That’s one reason that Social Security remains the “third rail” of politics, as President Bush found out when his partial privatization proposal failed.

And that generosity is why, in the future, politicians will find Social Security benefits cuts hard to sell to the public.

Written by Leisureguy

3 December 2007 at 4:15 pm

Posted in Daily life, Government

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3 Responses

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  1. Whether the problem is exaggerated or not is impossible to determine for sure. Individuals on both sides of the debate are capable of spinning as they see fit by using assumptions and projections that further their positions. We need to start with an objective public education as to just how the system works in terms of benefits and funding. Then and only then will the public be able to listen to politicians and lobbyists and seperate the facts from assumptions.

    Anyone interested in such an education should email me and i will send them a short no nonsense book on Social Security, written to educate and not to push any agenda. NO CHARGE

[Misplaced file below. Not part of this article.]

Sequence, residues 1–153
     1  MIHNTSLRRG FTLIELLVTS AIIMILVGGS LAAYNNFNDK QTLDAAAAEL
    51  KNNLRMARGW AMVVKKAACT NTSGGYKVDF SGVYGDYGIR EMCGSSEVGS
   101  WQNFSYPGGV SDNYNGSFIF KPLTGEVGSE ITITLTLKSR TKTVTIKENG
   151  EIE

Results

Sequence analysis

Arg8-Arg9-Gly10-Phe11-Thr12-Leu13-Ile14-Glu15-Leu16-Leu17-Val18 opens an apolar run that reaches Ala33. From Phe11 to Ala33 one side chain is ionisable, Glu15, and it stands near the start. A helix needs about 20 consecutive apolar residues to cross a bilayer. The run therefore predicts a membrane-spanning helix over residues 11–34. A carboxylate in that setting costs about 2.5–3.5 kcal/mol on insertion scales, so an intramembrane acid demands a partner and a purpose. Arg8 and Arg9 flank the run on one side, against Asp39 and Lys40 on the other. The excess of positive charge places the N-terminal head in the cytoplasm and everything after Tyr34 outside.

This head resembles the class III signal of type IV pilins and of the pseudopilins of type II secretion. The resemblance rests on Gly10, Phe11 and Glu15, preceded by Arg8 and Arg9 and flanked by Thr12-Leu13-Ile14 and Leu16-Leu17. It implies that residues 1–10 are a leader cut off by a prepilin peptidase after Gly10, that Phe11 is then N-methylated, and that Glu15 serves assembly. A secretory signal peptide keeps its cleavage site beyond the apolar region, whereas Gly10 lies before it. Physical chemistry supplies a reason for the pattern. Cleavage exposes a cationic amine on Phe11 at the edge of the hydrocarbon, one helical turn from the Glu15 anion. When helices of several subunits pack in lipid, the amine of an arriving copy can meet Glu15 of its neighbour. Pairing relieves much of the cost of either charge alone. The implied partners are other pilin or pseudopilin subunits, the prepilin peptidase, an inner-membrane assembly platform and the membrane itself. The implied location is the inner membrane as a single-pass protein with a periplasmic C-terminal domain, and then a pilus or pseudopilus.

mark shemtob

    3 December 2007 at 7:33 pm

  2. What I’ve noticed is that those who say the system is in crisis and will fail never refer to any specific studies or analysis—they just say, “It’s a Ponzi scheme” or “Baby boomers will be retiring” or the like. Or they carefully lump in Medicare with Social Security and say that the pair is in bad shape.

    But those who say the system is in pretty good shape usually refer to the Trustees report, the Congressional Budget Office Analysis, the Langer actuarial analysis, and the like.